The Song of Names is another violin story from Francois Girard, the director of The Red Violin. Under the guise of receiving violin lessons and as an escape from the looming inevitability of the Polish Nazi invasion and Holocaust, young Dovidl, played as an adult by Clive Owen, finds himself being raised in a British family. Martin, played by Tim Roth, is resentful of another boy entering his privileged family. The two boys, however, find their way and are soon like brothers. Dovidl proves to be a child prodigy and at the age of 19 is poised to play a debut concert. What unfolds—Dovidl’s disappearance—leaves Martin undone as he lives the next decades haunted and angered by his adopted brother’s vanishing. The movie straddles three decades as the story of the boys’ separation is pieced back together.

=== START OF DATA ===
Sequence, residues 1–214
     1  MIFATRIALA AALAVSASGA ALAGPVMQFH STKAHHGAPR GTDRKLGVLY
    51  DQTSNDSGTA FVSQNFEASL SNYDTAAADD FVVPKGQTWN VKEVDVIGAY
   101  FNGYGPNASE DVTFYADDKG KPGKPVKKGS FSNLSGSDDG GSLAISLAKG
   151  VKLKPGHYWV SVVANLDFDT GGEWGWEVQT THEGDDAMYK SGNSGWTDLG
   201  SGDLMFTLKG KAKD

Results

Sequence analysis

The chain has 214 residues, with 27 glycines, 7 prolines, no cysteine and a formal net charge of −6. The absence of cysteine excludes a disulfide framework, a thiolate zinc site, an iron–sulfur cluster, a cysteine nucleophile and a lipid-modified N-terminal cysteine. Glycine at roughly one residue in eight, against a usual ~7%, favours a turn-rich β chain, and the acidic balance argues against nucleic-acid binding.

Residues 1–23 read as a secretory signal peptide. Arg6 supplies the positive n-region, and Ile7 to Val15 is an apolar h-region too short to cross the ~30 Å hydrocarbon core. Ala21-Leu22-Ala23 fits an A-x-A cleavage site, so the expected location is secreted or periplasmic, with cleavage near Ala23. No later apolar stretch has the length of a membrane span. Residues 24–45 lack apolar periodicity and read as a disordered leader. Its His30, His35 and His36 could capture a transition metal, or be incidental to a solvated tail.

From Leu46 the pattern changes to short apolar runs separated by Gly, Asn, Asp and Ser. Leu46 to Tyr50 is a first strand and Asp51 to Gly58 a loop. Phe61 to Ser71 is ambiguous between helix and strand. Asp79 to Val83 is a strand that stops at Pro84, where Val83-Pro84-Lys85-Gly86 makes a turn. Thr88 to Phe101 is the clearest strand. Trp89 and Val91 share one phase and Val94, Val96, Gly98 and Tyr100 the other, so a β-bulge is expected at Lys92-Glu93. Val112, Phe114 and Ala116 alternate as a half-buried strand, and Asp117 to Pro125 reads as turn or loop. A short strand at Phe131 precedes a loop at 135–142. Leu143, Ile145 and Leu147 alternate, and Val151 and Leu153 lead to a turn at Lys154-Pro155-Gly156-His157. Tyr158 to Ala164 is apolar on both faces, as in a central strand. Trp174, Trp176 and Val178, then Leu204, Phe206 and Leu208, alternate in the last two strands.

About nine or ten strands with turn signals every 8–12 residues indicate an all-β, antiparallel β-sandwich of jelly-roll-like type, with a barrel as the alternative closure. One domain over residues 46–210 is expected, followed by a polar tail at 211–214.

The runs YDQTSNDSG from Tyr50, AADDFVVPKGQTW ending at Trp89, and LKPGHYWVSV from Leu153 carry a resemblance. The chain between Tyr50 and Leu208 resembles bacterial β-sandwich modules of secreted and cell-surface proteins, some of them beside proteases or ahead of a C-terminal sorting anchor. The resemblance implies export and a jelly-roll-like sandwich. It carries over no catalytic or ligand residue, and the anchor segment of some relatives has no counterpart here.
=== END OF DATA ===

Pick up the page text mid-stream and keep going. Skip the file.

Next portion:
The title finds its source in the Treblinka concentration camp survivors’ commitment to sing the names of those who died into song in order to keep them in their memory and in order to honour the Kaddish, the sacred responsibility to the dead.
Unlike most movies in this genre, the horror of the Holocaust, albeit deeply felt, is never visually experienced. The closest one comes to experiencing it is in an air raid bunker in London.
Based on the novel of the same title by Norman Lebrecht with an outstanding music score by Howard Shore (Lord of the Rings), The Song of Names well deserves the nominations and awards it has been given. (Sony, now streaming on Amazon Prime)